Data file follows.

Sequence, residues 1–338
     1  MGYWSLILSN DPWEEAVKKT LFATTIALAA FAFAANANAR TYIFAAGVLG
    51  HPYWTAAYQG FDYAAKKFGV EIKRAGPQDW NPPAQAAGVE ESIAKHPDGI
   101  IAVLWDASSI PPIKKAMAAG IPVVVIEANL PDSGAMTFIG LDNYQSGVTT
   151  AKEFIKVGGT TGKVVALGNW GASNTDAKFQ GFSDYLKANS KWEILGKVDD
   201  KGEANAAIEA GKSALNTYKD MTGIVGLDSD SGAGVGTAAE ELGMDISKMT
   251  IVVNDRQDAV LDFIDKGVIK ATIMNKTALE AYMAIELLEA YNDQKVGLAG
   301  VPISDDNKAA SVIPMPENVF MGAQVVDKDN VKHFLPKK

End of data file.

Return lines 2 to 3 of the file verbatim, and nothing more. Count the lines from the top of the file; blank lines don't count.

     1  MGYWSLILSN DPWEEAVKKT LFATTIALAA FAFAANANAR TYIFAAGVLG
    51  HPYWTAAYQG FDYAAKKFGV EIKRAGPQDW NPPAQAAGVE ESIAKHPDGI